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After a few days of getting my GLSL vertex shader to display the vertices correctly, I've now moved onto lighting! My understanding of openGL lighting/normals isn't great by any stretch of the imagination so bear with me. I'm unsure of what translations I need to apply to my normals to get them to display correctly. Here is the application code that sets up my lights:

    final float diffuseIntensity = 0.9f;
    final float ambientIntensity = 0.5f;

    final float position[] = { 0f, 0f, 25000f, 0f};
    gl.glLightfv(GL.GL_LIGHT0, GL.GL_POSITION, position, 0);
    final float diffuse[] = { 0, diffuseIntensity, 0, 1f};
    gl.glLightfv(GL.GL_LIGHT0, GL.GL_DIFFUSE, diffuse, 0);
    final float ambient[] = { ambientIntensity, ambientIntensity, ambientIntensity, 1f};
    gl.glLightfv(GL.GL_LIGHT0, GL.GL_AMBIENT, ambient, 0);

Pretty standard stuff so far. Now because of the requirements of the application, here is the (somewhat odd) vertex shader:

void main()
// P is the camera matrix, model_X_matrices are the relative translation/rotation etc of the model currently being rendered.
vec4 pos = gl_ProjectionMatrix * P * modelTranslationMatrix * modelRotationMatrix * modelScaleMatrix * gl_Vertex;

gl_Position = pos;

gl_TexCoord[0] = gl_MultiTexCoord0;

gl_FrontColor = gl_Color;           

It's my understanding that I need to transform the gl_Normal into world coordinates. For my shader, I believe this would be:

vec4 normal = modelTranslationMatrix * modelRotationMatrix * modelScaleMatrix * vec4(gl_Normal);

And then I would need to get the position of the light (which was already declared in the application code in world space). I think I would do this by:

vec3 light_position = gl_LightSource[0].position.xyz;

and then find the diffuse value of the light by find the dot product of the normal and the light position.

Furthermore, I think in the fragment shader I just need to multiply the color by this diffuse value and it should all work. I'm just really not sure how to transform the normal coordinates correctly. Is my assumption correct or am I totally off the ball?

EDIT: After reading that the normal matrix (gl_NormalMatrix) is just the 3x3 inverse of the gl_ModelView matrix, I'm guessing that a correct way to calculate the normal in world space is to multiply the gl_Normal by the inverse of modelTranslationMatrix * modelRotationMatrix * modelScaleMatrix? Would I still need to multiply this by the P matrix or is that irrelevant for normal calculations?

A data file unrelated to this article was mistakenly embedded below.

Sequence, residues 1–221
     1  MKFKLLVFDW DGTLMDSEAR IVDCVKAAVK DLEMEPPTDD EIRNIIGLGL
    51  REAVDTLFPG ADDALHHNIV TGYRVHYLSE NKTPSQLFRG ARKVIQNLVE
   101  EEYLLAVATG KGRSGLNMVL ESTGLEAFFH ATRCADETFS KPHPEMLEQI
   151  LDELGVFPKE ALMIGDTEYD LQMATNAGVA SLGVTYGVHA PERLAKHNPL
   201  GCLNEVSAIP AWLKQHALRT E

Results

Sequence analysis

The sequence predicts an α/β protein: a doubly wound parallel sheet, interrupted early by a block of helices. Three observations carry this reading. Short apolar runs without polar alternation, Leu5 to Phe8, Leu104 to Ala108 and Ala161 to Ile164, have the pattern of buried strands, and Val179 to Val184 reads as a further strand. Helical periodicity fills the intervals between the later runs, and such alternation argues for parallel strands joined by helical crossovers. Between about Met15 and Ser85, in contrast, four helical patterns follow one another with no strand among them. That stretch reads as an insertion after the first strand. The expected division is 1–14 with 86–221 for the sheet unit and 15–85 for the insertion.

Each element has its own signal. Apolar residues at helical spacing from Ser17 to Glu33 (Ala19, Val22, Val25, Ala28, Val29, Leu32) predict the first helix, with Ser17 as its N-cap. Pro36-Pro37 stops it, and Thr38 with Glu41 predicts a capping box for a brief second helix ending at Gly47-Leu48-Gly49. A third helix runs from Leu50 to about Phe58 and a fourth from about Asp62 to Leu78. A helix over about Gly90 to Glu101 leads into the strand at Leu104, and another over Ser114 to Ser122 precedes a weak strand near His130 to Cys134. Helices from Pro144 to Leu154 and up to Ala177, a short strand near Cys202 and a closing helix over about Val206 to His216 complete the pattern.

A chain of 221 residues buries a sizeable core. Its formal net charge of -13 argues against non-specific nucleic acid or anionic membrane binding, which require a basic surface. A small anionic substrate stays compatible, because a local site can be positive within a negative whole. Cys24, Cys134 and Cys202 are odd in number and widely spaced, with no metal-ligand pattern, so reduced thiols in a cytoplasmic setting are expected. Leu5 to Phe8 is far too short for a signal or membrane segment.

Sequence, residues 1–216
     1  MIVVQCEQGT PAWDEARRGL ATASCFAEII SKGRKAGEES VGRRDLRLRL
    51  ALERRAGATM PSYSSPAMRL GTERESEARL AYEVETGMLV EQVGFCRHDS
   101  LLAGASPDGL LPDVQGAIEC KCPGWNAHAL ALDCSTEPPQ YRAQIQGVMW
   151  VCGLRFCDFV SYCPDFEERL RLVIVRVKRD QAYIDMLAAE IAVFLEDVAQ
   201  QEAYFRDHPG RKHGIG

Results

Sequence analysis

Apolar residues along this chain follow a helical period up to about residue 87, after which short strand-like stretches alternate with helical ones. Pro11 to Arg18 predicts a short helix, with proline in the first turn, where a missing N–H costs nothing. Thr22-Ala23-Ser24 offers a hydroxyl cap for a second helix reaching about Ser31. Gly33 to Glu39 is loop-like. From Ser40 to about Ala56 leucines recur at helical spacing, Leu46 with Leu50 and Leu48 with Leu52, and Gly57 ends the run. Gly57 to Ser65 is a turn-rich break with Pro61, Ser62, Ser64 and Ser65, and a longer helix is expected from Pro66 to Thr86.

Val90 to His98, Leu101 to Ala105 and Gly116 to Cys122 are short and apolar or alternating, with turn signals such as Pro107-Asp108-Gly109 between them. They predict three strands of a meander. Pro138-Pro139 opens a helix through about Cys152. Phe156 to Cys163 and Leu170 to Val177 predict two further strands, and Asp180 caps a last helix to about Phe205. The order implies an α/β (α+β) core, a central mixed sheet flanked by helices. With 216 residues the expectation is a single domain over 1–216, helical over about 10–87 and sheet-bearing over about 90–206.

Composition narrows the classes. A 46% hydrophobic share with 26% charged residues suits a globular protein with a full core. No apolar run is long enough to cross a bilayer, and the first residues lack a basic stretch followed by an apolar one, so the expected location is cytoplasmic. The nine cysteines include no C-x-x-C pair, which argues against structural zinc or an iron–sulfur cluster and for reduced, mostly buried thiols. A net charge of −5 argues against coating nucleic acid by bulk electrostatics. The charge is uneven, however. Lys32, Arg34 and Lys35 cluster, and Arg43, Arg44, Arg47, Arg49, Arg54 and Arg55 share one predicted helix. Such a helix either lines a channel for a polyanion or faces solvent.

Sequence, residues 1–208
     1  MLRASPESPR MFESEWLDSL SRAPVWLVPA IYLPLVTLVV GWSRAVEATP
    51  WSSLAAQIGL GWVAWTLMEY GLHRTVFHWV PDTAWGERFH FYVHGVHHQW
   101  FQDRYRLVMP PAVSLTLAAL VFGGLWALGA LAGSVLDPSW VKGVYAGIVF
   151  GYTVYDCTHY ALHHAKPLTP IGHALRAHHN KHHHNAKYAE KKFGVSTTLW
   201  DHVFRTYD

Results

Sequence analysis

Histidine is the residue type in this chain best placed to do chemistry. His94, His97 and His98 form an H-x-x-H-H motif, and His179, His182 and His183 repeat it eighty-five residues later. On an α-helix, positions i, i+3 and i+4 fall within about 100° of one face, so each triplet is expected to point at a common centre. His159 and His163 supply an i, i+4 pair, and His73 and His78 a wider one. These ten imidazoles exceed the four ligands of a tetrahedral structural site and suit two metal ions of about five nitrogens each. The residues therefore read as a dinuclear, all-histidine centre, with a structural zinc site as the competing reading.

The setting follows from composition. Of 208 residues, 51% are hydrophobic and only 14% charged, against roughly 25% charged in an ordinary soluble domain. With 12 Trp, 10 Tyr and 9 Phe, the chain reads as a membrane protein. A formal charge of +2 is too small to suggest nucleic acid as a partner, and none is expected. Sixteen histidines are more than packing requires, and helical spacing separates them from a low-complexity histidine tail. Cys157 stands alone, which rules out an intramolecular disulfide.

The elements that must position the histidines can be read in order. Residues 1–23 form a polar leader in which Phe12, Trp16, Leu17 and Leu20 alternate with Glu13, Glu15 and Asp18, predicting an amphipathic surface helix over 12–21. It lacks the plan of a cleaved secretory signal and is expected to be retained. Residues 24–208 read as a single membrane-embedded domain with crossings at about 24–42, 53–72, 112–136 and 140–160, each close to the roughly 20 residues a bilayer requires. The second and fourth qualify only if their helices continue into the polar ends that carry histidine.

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2 Answers 2

You should premultiply modelTranslationMatrix * modelRotationMatrix * modelScaleMatrix and only pass that as a single uniform.

Normals are multiplied by the inverse transpose of the modelview matrix, the details are explained in the excellent article found here http://www.lighthouse3d.com/tutorials/glsl-tutorial/the-normal-matrix/

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Just as you posted this I finished doing exactly that! However, it's still not working properly... Now, only 2 faces of my test model (a cube) are visible no matter the rotation of the object. The other faces are transparent. I'm not really sure why... –  Chris Robinson Apr 19 '11 at 15:10
Backface culling enabled? Normals usually don't influence transparency culling, but something might change the winding of your primitives. –  datenwolf Apr 19 '11 at 16:36
All culling is disabled. I'll try multiplying all normals by -1 to see if that helps. –  Chris Robinson Apr 20 '11 at 7:49
This has had no effect. Can anyone perhaps point me in the right direction? –  Chris Robinson Apr 20 '11 at 8:03

Although I realise this is a year old question, since I was just strugling with this myself I thought I'd share my answer.

A vector in opengl is represented synonymously to a point (i.e. one coordinate per axis). What that means is that its direction is defined by the translation from the origin to those coordinates. When you translate a conceptual mathematical vector, you don't change it's direction. When you translate an opengl vector without translating it's origin, you do.

And that's what's wrong about translating the normal vectors by the modelview matrix (or whatever your custom matrix stack is) - generally speaking that will contain rotation and translation (and scaling in the question, but that's neither here nor there). By applying the translation you change the direction of the normals. Long story short: further away the verticies, closer the normals become to being parallel to the camera-vertex vector.

Ergo, rather than

vec4 normal = modelTransformMatrix * vec4(gl_Normal);

you actually want

vec3 normal = mat3(modelTransformMatrix) * gl_Normal;

Hence excluding the translation terms, but retaining any rotation, scale and shear.

As for using the camera matrix, that depends on what you want to do. The important thing is that all values in an equation are in the same coordinate space. That being said, multiplying by the camera projection will likely cause problems, since it's (probably) set up to project from 3d world coordinates relative to the camera into screen co-ordinates + depth. Generally you'd calculate lighting in world space - multiplying by the model translation but not the camera projection.

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